Brian Leftwich is the Senior Manager of NICE for HandsOn Network. He is also a CrossFit coach, heirloom gardener, Colorado State Muay Thai champion and he loves the smell of sawdust in the morning.
I grew up in a small Canadian suburb called North Dakota. Like most kids my age I fell in love with the game of hockey. Every year, for the first six years of my budding sports career, I looked not to the stands to find my father, but to the bench, where he stood as coach. You may be thinking, “Big deal Brian, lots of dads volunteer to coach their sons.” True, but the odd thing about my dad is he never played a second of hockey in his life. My dad never learned how to skate, tape a stick or shoot a puck. He grew up on a farm literally just outside of Canada, and was one of four students in his senior class. Everything he knew about hockey was what he read in books and learned from watching the game. Still he was there for me every season, coaching, teaching and inspiring kids. His motto: “Every kid deserves a chance to play because win or lose, I am proud of you for playing.” My dad did not coach to create successful athletes; he wanted to create successful young men.
My dad’s passion for volunteering did not stop at hockey and he would often bring the whole family with him to service projects. Whether it was manning a booth at a free carnival, building a playground with the Optimist Club, delivering Thanksgiving meals, coaching Special Olympics or wrapping presents at the mall, service was woven into the fabric of my family. It mattered very little what the project was, if we had the right skills, or the necessary experience. We showed up, smiled and got to work.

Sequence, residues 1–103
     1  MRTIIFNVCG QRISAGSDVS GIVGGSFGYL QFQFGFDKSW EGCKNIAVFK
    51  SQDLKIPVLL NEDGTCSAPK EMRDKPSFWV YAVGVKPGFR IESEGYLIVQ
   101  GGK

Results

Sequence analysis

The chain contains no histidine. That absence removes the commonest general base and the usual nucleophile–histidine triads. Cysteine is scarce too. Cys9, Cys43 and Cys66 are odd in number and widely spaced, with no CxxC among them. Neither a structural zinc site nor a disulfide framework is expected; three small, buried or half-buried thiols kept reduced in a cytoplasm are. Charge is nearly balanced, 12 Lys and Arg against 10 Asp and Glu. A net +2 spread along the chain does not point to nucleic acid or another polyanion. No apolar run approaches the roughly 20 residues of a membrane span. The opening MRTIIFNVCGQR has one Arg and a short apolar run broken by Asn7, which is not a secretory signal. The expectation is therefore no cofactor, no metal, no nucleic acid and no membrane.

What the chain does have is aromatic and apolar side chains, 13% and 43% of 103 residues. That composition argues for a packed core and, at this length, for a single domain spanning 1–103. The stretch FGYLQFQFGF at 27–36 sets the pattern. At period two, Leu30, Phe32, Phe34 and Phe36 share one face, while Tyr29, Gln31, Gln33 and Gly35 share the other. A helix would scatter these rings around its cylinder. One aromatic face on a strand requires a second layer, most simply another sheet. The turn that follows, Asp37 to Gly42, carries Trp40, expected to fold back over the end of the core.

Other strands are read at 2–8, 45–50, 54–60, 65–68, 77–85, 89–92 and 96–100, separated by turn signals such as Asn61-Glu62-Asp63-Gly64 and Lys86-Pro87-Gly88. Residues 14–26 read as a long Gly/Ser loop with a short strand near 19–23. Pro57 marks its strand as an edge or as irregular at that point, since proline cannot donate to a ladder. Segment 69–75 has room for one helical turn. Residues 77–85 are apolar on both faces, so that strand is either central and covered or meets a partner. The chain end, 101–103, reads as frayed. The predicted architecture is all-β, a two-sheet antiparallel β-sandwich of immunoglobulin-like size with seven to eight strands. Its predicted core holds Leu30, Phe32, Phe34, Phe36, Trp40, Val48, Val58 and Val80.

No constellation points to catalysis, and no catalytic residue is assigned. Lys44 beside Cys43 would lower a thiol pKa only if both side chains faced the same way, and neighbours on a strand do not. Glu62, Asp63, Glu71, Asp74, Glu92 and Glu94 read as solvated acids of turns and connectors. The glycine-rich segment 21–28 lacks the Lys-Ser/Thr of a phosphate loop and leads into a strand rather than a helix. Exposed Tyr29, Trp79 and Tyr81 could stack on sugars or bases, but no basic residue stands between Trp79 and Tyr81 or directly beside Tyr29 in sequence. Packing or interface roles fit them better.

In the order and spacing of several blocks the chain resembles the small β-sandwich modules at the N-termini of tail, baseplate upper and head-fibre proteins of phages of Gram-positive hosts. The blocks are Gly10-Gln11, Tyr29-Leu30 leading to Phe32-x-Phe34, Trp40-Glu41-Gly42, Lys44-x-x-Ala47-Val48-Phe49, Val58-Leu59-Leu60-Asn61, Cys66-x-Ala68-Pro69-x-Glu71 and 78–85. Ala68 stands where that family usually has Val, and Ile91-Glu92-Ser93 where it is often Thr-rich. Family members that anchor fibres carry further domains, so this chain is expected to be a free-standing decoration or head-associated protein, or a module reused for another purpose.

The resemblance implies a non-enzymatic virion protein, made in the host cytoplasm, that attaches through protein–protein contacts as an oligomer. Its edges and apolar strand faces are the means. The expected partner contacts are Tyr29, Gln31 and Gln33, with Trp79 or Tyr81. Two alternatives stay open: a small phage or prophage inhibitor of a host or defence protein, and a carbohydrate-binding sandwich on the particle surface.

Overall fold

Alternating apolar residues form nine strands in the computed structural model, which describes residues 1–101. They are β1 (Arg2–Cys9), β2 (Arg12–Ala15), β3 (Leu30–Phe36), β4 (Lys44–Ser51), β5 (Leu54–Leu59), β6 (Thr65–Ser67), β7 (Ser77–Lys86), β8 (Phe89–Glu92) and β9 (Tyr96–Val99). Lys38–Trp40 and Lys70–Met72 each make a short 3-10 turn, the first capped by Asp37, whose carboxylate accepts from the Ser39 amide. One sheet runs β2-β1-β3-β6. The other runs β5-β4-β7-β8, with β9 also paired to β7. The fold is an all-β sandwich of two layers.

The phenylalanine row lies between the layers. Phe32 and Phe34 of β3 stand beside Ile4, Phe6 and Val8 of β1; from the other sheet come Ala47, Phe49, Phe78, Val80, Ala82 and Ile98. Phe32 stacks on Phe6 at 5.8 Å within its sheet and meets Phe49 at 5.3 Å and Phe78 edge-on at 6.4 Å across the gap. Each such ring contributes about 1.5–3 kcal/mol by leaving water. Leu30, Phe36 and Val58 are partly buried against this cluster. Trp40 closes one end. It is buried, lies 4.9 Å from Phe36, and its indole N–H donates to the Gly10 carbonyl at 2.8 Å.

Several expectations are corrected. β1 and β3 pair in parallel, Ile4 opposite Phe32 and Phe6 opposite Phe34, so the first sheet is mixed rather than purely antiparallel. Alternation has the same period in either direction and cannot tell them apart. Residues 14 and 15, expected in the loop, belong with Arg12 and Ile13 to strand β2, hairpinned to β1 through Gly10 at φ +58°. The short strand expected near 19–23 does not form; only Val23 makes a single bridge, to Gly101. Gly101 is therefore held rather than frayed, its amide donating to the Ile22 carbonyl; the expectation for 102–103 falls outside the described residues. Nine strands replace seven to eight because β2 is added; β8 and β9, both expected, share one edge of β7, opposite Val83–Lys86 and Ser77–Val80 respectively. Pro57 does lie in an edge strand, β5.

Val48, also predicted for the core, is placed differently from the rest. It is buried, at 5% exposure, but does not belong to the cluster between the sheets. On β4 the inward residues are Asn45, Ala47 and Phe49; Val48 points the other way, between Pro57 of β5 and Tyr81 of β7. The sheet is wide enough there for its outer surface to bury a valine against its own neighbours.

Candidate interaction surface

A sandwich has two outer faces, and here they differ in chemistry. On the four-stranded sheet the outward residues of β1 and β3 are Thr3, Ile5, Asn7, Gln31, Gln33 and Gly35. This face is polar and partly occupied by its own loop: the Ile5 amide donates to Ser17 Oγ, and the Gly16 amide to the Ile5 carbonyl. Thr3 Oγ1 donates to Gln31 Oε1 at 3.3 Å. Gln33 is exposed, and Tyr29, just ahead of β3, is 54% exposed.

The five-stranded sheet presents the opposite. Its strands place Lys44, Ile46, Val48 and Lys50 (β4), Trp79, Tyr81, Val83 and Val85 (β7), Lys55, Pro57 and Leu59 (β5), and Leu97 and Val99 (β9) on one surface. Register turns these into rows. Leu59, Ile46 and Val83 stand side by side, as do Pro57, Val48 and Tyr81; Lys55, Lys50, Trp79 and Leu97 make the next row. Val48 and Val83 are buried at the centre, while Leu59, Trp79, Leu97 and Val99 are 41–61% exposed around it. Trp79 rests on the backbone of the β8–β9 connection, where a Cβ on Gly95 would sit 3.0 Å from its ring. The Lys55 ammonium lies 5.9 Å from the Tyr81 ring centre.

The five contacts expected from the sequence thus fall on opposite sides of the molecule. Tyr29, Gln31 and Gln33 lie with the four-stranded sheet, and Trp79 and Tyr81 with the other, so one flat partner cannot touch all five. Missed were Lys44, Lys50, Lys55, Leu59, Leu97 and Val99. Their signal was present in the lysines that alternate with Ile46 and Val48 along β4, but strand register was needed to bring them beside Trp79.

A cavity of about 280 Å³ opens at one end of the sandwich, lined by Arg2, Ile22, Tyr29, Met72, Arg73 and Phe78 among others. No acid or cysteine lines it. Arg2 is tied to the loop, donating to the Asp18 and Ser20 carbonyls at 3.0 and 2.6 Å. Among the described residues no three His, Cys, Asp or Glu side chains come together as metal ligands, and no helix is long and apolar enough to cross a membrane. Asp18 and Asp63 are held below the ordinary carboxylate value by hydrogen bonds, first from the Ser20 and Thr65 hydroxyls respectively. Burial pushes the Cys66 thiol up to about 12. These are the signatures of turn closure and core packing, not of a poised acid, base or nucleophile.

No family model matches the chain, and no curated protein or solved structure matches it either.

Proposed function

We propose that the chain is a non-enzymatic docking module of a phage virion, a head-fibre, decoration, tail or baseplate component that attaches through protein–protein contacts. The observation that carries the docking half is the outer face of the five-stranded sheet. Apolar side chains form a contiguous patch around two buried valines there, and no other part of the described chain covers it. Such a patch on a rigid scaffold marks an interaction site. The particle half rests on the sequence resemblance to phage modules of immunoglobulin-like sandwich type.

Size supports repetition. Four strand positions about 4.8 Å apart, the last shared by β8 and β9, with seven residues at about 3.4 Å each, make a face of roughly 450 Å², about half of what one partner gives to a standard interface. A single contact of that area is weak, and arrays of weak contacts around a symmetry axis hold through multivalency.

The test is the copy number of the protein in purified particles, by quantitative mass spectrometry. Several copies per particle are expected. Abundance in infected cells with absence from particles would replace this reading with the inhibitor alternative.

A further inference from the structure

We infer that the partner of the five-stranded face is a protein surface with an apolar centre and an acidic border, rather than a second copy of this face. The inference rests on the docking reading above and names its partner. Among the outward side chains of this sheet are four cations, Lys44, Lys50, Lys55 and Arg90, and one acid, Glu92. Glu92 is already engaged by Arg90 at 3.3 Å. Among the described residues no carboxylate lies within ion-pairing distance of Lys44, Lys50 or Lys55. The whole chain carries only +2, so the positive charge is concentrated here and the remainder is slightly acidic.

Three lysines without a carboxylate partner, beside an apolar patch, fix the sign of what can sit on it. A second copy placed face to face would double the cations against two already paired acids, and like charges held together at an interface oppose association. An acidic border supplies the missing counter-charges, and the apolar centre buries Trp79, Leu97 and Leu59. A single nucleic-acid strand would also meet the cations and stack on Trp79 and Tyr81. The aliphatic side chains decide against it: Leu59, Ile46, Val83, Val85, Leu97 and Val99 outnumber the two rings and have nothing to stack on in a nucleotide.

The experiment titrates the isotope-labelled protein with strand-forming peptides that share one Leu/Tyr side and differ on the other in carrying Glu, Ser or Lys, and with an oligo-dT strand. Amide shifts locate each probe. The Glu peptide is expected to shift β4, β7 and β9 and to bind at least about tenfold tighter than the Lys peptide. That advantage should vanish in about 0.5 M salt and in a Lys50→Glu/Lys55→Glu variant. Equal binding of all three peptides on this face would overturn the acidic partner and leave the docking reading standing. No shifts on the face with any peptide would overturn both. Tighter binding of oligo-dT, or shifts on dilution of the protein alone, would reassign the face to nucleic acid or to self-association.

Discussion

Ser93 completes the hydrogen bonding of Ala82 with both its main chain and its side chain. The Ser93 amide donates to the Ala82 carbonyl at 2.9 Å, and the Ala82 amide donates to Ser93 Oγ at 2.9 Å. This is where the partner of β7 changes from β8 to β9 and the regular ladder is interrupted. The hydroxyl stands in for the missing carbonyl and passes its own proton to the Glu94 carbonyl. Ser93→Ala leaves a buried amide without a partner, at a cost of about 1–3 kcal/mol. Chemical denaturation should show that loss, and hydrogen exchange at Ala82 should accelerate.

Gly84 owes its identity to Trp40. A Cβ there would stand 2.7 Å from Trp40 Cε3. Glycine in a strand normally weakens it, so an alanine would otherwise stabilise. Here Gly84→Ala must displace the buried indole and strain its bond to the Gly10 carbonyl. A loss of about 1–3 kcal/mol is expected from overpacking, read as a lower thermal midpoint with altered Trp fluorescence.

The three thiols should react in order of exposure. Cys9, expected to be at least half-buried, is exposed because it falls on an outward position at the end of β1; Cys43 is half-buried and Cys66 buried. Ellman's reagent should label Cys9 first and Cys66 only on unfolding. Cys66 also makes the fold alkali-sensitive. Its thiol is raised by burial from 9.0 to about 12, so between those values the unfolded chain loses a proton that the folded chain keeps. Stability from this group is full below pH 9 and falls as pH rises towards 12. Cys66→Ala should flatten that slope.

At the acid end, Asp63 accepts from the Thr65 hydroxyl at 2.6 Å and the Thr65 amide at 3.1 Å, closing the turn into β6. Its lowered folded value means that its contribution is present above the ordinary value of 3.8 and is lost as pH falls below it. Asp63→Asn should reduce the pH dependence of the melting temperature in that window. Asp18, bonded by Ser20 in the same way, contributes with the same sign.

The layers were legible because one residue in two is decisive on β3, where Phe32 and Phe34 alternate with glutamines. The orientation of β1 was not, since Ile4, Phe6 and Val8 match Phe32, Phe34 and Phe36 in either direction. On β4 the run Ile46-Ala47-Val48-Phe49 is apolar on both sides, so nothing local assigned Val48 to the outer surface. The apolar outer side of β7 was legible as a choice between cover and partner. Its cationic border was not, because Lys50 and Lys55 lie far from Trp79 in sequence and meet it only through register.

When I left home to attend college, I realized what a profound lesson my father had taught me about service as I began my own personal journey of volunteering.
I realized that:
I will never know what it is like to grow up without a father, but I can be your friend when high school becomes overwhelming.
I will never know what it is like to be 67 and lose everything to Hurricane Katrina, but I can show up afterwards and help you build your first home.
I will never know what it is like to spend your entire childhood in a garbage dump outside of Juarez Mexico, but I can be your Caballito for an impromptu game of fútbol.
I will never know what it is like to walk six miles to school over a mountain pass in Nepal, but I can make you smile by pantomiming animals and being your jungle gym.
I will never know what it is like to grow up in Haiti, lose your entire family and use of your leg to a devastating earthquake, but I can wipe the tears from you eyes when physical therapy hurts too much.
My turning point was when I discovered that I will never have all the answers, skills and experience to be a perfect volunteer, but I can have the heart to show up and do what I can, with what I have, to be a turning point for someone else.